This post follows on my post from last week in which I introduced a basic brand philosophy, but neglected to define all the terms. Thanks to those of you who asked that I back up and give a bit more context before moving forward.
I use two of Gandhi’s famous quotes as the basis for Stokefire’s system of understanding how and why organizations or causes succeed or fail, and what can be done to fix them. I began working more seriously with his ideas (with the very capable help of my team) as I was preparing to speak to members of Congress about why Republicans consistently represented not only their own brand, but also defined the Democrats, while the Dems could neither represent themselves nor define their opponents.
A Definition of Terms
- Gandhi’s Trinity or Gandhi’s Pyramid: The three distinct elements that together result in the happiness mentioned in Gandhi’s quote, “Happiness is when what you think, what you say, and what you do are in harmony.”
- Do: Whatever it is that your organization gets paid to deliver, whether it’s a product, service, or cause, is your ‘do’. Within an organization you likely have a larger ‘do’ that encompasses what is offered to external clients, and smaller ‘do’s for internal departments such as HR, Payroll, and the like that are tasked with ensuring that the organization can survive to provide the intended service. My focus will most often be on the larger externally oriented definition, but lessons can usually be applied to either.
- Say: The sum total of externally viewable organizational communications. This includes almost any sort of communication that can be perceived by the senses. Verbal and visual are obvious, so you’ve got marketing, advertising, design, logo, and PR covered. But we can communicate using scent, non-verbal sound, touch, and taste as well. If the purpose of the experience is to communicate with the audience outside of the use of the product or service then chances are good that you’re dealing with ‘say’. Most importantly, any internal ‘confidential’ communication is also part of ‘say’. As you will see shortly, what we say is a window into what we think – so if we’re keeping secrets they’re going to be seen as more representative and believable than what we intentionally distribute to the world.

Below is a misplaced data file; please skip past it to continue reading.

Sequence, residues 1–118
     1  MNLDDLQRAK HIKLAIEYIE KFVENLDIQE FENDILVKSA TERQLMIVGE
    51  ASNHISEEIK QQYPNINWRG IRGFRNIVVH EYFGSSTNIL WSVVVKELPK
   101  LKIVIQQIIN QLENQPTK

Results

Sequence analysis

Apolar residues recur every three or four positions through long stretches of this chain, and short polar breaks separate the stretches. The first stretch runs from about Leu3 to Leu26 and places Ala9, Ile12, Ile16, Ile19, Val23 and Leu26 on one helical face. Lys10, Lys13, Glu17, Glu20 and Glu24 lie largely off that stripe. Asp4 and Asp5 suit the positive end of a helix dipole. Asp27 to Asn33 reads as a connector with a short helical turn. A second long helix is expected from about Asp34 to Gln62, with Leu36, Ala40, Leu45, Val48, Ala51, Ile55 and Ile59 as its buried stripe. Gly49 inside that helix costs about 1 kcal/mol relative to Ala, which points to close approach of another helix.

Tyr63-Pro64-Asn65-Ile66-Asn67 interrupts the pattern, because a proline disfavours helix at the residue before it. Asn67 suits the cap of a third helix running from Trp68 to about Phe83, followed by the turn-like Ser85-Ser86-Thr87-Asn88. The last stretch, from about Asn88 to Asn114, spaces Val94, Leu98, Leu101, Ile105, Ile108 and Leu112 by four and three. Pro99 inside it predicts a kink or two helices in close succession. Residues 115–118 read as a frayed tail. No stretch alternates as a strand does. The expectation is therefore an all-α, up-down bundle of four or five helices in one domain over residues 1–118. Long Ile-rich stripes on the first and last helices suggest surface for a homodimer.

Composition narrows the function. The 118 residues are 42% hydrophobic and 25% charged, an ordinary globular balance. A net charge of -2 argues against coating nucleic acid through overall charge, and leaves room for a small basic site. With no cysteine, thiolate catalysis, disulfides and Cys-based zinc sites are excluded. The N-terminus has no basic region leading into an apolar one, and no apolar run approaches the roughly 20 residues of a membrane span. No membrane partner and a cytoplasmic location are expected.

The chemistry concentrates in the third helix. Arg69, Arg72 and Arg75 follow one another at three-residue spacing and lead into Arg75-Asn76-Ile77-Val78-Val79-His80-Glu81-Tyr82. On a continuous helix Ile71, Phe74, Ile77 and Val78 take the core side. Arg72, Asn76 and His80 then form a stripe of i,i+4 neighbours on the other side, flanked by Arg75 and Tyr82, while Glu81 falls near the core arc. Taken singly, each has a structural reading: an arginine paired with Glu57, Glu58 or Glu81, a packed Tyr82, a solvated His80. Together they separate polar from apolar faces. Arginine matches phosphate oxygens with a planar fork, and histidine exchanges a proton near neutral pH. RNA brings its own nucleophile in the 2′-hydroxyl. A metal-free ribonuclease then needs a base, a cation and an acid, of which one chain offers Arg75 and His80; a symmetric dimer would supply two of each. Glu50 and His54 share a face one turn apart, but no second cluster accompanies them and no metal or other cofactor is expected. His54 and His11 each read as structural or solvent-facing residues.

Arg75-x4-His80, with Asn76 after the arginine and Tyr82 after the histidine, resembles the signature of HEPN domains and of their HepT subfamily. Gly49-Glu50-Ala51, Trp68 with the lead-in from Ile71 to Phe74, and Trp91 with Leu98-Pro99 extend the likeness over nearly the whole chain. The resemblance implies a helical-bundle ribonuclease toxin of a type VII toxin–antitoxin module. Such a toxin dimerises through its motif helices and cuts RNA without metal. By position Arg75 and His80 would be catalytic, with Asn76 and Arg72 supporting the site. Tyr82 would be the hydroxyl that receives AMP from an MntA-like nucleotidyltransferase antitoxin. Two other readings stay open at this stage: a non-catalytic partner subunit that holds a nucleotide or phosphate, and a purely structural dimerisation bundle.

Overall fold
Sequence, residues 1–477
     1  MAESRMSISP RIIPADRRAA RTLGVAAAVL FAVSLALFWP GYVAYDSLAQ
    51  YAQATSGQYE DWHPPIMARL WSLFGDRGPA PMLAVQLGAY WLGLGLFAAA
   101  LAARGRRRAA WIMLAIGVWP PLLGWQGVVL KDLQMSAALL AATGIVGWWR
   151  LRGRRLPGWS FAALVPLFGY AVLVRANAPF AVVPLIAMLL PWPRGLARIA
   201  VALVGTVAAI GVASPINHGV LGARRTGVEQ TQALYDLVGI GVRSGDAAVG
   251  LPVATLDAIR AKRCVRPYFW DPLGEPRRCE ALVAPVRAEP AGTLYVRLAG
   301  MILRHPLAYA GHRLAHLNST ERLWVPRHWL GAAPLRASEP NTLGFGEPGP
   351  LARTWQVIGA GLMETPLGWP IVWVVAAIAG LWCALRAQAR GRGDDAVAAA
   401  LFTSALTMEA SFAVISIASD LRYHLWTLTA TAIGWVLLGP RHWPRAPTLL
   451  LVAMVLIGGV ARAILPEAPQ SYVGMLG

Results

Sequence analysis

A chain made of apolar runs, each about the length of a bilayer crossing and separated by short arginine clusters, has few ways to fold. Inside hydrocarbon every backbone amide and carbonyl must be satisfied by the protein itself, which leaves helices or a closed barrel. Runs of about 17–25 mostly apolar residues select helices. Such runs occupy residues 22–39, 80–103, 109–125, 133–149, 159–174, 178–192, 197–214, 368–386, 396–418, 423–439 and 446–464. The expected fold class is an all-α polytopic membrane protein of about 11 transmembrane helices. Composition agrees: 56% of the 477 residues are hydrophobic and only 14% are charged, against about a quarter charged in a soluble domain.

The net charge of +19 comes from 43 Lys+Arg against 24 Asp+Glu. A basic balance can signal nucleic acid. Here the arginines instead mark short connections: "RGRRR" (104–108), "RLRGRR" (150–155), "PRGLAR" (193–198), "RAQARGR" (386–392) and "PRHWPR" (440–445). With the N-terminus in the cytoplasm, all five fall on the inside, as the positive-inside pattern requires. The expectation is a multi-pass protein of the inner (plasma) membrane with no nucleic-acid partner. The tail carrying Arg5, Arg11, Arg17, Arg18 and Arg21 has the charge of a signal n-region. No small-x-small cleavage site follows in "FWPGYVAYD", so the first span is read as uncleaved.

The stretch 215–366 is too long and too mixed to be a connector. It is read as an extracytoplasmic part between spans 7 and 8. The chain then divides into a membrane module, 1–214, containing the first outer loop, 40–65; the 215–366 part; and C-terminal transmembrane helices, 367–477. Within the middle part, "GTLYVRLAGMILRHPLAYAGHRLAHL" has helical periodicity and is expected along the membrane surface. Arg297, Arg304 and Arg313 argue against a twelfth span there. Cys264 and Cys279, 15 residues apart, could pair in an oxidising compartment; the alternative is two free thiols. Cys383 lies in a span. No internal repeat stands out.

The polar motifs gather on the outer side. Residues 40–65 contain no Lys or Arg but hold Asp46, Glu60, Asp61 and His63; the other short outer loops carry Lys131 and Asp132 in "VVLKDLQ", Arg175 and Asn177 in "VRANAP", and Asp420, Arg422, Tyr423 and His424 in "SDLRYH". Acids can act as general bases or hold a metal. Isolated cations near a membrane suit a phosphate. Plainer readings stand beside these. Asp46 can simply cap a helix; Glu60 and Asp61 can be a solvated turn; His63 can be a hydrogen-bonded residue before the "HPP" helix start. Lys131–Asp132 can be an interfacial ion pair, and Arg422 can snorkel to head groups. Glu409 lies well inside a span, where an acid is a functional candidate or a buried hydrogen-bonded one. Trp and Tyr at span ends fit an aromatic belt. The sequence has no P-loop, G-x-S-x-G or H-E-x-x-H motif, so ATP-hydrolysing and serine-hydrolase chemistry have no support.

- Think: Perhaps a better word for this is ‘intent’. This is the true motivation or cause behind an organization. For those outside of the organization’s leadership circle, ‘think’ is typically only deduced by analyzing what is said and done and computing the probable cause. It takes a truthful and well communicated motivation to succeed for the long term. But it is only under extreme pressure that the true motivation can be proven. Intense positive or negative pressure reveals what is most important because in those periods we tend to embrace what we hold most dear.
- Perception of Intent: Somewhat related to Gandhi’s Pyramid, a second quote from Gandhi helps to explain this idea: “The moment there is suspicion about a person’s motives, everything he does becomes tainted.”
Since our true intent (or our ‘think’) is usually not provable it becomes critically important in competitive situations to understand how our motivations are perceived by our audience. Perception of Intent is almost completely unrelated to truth or genuine motivation. It is affected by the biases of the originators, deliverers, and receivers of the intended message, and can be easily manipulated (to the detriment of the originator) when the elements of Gandhi’s Pyramid aren’t in harmony.
Those are the key aspects within the developing philosophy.
But why define these terms at all?
Because I believe that all successes and failures can be attributed to either a lack of alignment between, or insufficient strength within, items two through four (‘think’, ‘say’, or ‘do’). It is this weakness that, in competitive situations, enables competitors or the media to manipulate Perception of Intent (item 5) and impact the likelihood of success.
Anything I’ve missed? Let me know.